president, was overthrown by a military coup, so the body had to be
hidden. It had been taken to Duarte , and buried there
for fifteen years under an assumed name.
Juan Peron had fled the country, but in 1973 came out of exile and was
elected president again. He had the body
exhumed, and was then taken to La Recoleta cemetery and buried in the Milan family plot. This is one of the most popular mausoleums in
the cemetery. There are constantly
flowers left on the front of the gates to the entrance. Above one of the mausoleums was a satellite
dish – perhaps some of the living relatives like to watch the football whilst
visiting the dearly departed! It really
is a surreal place – you just don’t imagine that you are walking amongst rows
and rows of dead people. Some of the
stories we were told involved tragic deaths and ghosts. Yeah right!
Wouldn’t like to be here after dark though! Duarte
From here, we went to a lovely ice cream parlour and tried some of the rows and rows of flavours that they have. Very refreshing! This brought our tour to an end. What a fantastic way to have seen this city. It is the best way to have seen the city, and to have experienced it both as a tourist and a local. We were probably about a mile from our hotel, so we retraced our steps and got back to the hotel at around 6.30pm having walked around eight miles during the day. Not once did we feel threatened or intimidated, but we had been warned to not show any jewellery or phones. Just sensible precautions in a place where pick pockets and thieves operate – as in most large cities.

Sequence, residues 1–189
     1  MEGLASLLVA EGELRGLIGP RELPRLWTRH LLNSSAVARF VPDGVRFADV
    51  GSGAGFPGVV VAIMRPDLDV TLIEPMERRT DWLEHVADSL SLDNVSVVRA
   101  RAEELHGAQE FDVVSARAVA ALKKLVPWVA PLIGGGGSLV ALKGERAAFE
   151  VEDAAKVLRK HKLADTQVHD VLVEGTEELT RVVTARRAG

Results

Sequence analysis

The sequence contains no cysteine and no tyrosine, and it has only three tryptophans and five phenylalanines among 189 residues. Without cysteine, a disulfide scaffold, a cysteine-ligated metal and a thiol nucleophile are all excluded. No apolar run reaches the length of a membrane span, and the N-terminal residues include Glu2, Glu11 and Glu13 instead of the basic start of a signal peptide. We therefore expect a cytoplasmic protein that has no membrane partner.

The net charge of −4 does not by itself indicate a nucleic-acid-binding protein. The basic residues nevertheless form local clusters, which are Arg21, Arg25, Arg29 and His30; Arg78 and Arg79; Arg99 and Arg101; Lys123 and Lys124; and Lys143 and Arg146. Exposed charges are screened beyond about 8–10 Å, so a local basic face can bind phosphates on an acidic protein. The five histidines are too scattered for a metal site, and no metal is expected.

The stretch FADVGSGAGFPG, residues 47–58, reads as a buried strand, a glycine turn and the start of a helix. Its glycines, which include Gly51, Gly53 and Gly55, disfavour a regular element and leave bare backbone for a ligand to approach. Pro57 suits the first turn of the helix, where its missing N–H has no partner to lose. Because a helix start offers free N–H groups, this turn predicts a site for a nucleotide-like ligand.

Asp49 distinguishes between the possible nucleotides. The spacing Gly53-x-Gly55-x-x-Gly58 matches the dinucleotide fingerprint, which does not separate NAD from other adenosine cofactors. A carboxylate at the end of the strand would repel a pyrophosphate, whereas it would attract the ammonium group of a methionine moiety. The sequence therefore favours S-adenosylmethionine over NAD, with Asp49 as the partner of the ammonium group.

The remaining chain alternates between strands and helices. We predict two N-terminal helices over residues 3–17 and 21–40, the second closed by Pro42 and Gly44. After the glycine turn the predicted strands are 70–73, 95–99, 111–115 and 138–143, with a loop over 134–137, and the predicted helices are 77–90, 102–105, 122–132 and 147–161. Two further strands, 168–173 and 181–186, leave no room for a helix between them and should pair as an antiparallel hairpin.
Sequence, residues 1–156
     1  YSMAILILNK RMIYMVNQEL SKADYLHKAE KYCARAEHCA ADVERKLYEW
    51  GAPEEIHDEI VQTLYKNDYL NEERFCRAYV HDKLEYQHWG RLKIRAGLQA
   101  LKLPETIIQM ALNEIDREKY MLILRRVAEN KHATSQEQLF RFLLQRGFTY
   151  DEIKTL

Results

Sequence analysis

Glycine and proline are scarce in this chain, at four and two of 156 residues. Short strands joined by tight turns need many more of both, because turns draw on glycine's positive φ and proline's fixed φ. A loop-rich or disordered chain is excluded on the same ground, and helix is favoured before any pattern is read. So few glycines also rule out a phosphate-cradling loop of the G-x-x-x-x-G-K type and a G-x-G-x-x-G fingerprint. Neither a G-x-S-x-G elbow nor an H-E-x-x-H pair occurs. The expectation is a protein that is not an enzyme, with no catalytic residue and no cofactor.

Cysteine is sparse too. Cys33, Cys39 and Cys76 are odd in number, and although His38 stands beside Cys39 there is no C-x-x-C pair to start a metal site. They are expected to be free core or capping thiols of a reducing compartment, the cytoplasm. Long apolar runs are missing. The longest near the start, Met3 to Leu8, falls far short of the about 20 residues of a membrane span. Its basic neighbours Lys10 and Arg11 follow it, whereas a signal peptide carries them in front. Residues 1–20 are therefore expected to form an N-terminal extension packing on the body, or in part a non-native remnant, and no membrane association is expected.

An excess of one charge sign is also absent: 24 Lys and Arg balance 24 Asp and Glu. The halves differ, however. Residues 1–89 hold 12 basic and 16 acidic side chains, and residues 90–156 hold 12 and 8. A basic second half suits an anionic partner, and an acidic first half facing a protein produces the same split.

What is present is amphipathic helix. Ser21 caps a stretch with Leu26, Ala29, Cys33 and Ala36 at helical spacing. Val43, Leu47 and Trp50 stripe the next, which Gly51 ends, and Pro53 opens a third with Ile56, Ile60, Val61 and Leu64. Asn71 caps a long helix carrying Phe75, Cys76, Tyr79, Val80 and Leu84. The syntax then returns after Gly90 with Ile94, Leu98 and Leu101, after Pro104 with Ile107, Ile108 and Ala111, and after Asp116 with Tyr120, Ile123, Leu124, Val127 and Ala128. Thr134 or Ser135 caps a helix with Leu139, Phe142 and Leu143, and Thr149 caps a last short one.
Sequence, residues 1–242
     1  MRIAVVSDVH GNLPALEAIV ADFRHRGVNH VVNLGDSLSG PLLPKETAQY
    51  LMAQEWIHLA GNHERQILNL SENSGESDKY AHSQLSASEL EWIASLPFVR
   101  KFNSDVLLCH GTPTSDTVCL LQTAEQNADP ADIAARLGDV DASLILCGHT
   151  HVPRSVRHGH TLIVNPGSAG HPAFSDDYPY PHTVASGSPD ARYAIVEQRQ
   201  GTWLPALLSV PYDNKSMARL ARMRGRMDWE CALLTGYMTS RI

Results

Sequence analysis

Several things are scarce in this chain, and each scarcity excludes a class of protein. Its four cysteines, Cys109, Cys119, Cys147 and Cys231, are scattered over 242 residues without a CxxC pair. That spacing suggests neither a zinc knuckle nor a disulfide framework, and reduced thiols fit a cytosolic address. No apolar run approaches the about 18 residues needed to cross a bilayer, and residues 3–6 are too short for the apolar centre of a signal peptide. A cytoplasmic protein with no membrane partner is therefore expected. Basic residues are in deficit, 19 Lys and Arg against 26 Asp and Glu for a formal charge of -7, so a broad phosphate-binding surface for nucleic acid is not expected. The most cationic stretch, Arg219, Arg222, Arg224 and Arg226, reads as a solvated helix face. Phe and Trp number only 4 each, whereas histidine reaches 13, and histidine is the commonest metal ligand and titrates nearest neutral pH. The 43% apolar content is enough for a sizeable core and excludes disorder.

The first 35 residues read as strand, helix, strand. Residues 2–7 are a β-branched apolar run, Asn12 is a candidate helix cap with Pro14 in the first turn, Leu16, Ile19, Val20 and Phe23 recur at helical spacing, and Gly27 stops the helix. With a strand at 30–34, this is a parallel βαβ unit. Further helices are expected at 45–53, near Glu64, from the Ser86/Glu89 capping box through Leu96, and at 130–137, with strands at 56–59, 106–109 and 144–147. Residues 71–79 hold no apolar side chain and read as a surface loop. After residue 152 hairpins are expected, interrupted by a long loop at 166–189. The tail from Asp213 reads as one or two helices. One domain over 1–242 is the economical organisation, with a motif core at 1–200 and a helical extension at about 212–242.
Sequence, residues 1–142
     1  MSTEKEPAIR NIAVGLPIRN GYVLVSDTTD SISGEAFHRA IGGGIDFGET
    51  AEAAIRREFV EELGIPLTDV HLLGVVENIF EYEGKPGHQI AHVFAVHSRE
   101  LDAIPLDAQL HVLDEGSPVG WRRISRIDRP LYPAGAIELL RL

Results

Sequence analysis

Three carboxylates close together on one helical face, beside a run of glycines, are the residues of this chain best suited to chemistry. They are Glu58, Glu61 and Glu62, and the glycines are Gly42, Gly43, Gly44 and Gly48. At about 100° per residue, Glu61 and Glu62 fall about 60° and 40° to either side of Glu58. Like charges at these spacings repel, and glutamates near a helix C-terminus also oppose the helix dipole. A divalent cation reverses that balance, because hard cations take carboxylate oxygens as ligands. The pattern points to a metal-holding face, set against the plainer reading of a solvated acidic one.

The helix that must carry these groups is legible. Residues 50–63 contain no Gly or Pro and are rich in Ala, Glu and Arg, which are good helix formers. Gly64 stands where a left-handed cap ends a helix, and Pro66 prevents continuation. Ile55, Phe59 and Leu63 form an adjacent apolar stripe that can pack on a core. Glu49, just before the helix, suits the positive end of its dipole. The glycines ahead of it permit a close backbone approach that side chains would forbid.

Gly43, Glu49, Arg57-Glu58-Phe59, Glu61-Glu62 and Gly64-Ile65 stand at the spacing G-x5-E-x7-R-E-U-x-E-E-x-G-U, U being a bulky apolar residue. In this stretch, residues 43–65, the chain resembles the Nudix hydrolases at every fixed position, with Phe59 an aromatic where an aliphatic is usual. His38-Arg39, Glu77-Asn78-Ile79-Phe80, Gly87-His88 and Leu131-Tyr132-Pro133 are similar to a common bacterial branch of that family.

A shower and change and we were ready to go to the Dinner and Tango Show – when in
… The Esquina Carlos Gardel in supposed to be
one of the better shows – and there are quite a few. This one includes transfers from the hotel –
the venue was around twenty minutes in an area of Buenos Aires that we hadn’t been earlier on
in the day. We passed lots of bars and
clubs – it was Saturday night and was quite busy. We were shown in and to the table – a lovely
table at the front of the “dress circle”.
We were given champagne and the menu – very civilised. The bottom tier was rows and rows of long
tables and people were packed in. I much
preferred where we were – but we had paid for the VIP section (as one does when
backpacking as we are!). The menu looked
good, but I had read reviews that the food was only OK. It was OK.
Nothing special, although the steak that I had must have been five
inches thick. The wine was poured freely
- not bad either. A film was being played
on a large screen with the history of the Argentine Tango – quite a history
because it took over half an hour.
Spanish with English subtitles – although some of it was miss spelt and
lost in translation. Buenos Aires
We were then invited to have our photo taken with a couple of the tango dancers – and then in the tango position ourselves. I could just imagine Craig Revel Horwood saying “yours arms are hopeless darling”! I somehow don’t think we will be purchasing that keepsake. The show started soon after that, and was very pleasant. It was about an hour and a half of various dancers, and a male and a female singer. I looked over at Paul and could see that he was riveted – not! Oh dear – it was a long and busy day and this was not the way he would have liked to have finished it. Was it worth the money – probably not. Would have I wanted to have left Buenos Aires without seeing a tango show – definitely not. It had to be done. The show finished around midnight, and the transfer back to the hotel was very smooth and efficient. Considering how many people were gushing out of the building, this is the bit where the VIP comes in handy. Back to the hotel to fall into bed ready for an early morning call to go back to the airport! I can see on Paul’s face that he really wanted a couple of weeks relaxing in the
Caribbean. Instead, I have organised a kind of boot
camp. We shouldn’t have gone to see The
Adventures of Walter Mittey or whatever it was – gave me itchy feet!